Books are an easy and accessible way to expand your child’s language skills. Through the beauty of books you can build on background knowledge, teach basic concepts, vocabulary, and sequencing. How amazing is that? All from books.
March is read across America month. Started in 1998 by the National Education Association to encourage reading, the movement was inspired by the birthdate of Dr. Seuss. Although many of Dr. Seuss’s books are much too long to keep this speech therapist’s attention, there are some real gems among his collection. Below is my fav.
Most are familiar with Eric Carle’s “The Hungry Caterpillar”, but “From Head to Toe” is my personal favorite book for teaching body parts and animal names. The best part? It is interactive and gets your child moving! Pause after each page and ask your child to play along.
Nothing is more tried and true with the preschool population than “Brown Bear, Brown Bear, What Do You See?” by Bill Martin Jr. Simple and repetitive, this book can teach your child colors and animal names. This is a perfect example of a book to read over and over. The repetition will eventually allow your child to ‘fill in’ what comes next.
“We’re Going on a Bear Hunt” by Michael Rosen is wonderful for teaching basic concepts. It is repetitive and provides the opportunity to expand your child’s language using the beautifully illustrated pictures. Point out to your toddler the interesting things you see in the pages. A fun and easy activity to go along with this book? Go on your very OWN bear hunt! Set up an obstacle course inside or outside and pretend to find your very own bear. Remember to use the same language from the book…”can’t go under it….can’t go over it…..”
Pete the cat is ONE COOL CAT! This book “I Love My White Shoes” by Eric Litwin & James Dean is a wonderful way to teach colors. It even has a song to go along with it. Note the repetition! Repetition really does help your toddler remember what they hear!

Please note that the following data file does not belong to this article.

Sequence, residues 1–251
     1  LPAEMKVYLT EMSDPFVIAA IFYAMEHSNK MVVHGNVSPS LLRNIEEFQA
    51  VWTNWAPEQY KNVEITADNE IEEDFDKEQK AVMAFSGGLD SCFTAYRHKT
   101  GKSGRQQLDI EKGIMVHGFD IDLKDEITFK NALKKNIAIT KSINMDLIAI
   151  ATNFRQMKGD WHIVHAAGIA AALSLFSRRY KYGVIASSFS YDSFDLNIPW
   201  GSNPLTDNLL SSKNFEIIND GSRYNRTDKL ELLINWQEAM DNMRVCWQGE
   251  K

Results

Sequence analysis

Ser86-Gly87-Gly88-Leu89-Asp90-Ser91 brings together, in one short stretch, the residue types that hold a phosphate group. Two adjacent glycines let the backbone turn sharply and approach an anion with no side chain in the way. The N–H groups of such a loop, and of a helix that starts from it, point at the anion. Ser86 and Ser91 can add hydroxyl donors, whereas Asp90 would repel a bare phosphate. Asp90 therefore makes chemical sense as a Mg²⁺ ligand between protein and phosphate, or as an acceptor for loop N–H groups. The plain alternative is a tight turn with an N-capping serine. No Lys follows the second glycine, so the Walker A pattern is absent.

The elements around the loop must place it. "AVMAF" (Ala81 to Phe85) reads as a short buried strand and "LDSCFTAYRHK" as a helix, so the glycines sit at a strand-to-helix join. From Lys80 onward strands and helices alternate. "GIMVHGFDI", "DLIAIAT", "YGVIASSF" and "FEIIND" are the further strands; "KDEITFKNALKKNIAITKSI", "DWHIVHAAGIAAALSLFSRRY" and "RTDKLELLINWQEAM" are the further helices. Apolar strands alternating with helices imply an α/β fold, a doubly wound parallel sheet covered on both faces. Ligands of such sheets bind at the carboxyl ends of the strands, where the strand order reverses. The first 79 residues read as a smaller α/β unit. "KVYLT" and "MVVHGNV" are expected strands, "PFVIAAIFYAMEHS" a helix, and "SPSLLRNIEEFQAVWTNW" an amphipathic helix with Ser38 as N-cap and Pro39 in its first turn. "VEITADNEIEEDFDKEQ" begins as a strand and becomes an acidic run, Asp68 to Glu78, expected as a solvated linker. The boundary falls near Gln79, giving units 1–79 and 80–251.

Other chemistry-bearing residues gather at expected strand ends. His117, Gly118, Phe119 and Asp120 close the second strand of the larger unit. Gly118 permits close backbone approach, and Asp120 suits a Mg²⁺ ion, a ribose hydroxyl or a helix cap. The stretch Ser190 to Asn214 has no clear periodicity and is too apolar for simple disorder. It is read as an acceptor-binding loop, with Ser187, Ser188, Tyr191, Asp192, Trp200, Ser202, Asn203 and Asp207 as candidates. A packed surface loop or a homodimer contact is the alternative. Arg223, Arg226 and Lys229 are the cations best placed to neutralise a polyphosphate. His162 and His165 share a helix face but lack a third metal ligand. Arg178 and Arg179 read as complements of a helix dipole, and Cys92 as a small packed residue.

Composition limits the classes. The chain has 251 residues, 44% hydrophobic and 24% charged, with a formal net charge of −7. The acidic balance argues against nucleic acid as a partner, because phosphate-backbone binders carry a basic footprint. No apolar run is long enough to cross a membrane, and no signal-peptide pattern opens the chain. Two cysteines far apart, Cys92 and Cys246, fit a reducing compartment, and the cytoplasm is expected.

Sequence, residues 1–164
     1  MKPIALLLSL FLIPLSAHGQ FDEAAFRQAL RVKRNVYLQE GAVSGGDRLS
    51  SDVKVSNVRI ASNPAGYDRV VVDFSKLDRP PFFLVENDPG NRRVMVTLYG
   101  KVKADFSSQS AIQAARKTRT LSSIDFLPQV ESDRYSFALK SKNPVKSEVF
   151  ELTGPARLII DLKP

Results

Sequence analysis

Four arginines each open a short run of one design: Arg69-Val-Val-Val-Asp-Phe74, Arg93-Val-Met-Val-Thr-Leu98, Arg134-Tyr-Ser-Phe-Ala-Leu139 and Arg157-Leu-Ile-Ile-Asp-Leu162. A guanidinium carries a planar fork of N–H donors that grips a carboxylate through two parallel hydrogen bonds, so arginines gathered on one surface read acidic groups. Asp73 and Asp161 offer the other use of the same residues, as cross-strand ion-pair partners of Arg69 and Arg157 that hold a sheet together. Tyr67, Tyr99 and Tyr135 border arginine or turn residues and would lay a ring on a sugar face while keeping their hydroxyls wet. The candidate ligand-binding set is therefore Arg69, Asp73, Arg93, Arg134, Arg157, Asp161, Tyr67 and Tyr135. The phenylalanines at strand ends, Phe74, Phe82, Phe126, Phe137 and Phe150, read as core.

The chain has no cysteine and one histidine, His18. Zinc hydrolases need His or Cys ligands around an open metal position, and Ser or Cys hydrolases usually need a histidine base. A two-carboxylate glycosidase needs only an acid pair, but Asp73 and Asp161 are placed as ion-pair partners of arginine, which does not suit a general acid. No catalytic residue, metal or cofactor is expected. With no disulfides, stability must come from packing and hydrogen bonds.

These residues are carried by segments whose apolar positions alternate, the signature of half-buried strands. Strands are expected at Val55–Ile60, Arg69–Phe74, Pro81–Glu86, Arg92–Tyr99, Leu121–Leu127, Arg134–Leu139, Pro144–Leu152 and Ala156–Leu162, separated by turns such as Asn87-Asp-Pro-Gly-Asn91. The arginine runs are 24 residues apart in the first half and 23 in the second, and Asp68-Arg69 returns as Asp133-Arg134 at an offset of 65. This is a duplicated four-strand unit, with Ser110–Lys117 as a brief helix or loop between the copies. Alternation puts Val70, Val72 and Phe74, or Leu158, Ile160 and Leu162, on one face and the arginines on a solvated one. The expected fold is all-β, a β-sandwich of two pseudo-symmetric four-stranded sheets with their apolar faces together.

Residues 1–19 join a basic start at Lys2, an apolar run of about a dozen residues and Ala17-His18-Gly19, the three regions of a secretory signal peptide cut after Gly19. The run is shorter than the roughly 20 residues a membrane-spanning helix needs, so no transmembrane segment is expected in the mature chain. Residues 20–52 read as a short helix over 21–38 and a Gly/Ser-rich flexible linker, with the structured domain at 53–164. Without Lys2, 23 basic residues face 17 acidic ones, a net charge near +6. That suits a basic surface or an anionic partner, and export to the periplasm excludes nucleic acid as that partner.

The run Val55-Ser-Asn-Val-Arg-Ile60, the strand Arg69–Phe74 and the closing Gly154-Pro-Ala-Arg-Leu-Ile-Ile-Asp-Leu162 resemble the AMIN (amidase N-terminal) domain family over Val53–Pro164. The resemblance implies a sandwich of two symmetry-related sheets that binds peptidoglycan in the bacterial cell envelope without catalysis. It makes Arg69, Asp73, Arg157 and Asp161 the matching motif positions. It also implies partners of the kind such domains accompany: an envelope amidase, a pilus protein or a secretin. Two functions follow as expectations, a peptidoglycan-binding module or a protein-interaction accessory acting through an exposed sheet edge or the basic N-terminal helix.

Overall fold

Nothing is better than Richard Scary for getting a conversation going! This is the perfect example of a book that I never actually read to my toddler. We look through the pictures each night and point out cool things we see. This is a great book for working on receptive language skills. Receptive language is your child’s ability to understand what you are saying. For example. “Point to the red car!”
The opportunity for tying in background is also endless with Richard Scary books. What exactly is background knowledge? This is tying in new ideas and information to what your child already knows. For example: let’s pretend your child loves bananas. Referring to the picture above point out the banana, say things like “Look! There are bananas hanging in the window! You love bananas! Remember when we bought bananas last time we were at the store? They weren’t hanging in the window but we had to pick them out and put them in a bag…etc”
Reading is an interactive experience. As adults we love variety but toddlers need repetition to help with their comprehension and understanding. Mix up your collection now and then but keep a few staple books on your shelf that especially get your toddlers attention. My favorite way to ‘test drive’ new books is to check them out at my local library. The library is a wonderful way to have the hugest book collection ever! If you already have a great collection of books. How do you keep it organized? Check out the link below for a fantastic way to organize your toddler’s book while working on skills such as basic concepts and colors.
Incorporating reading into your daily routine is one of the simplest ways to increase your child’s language skills. Not only that, you get the bonus snuggle and quiet time to spend with your little human. Happy Reading!
Love, Your Nurture Notetaker
Jaime Sinift-Heimer M.S. CCC-SLP/L- speech therapist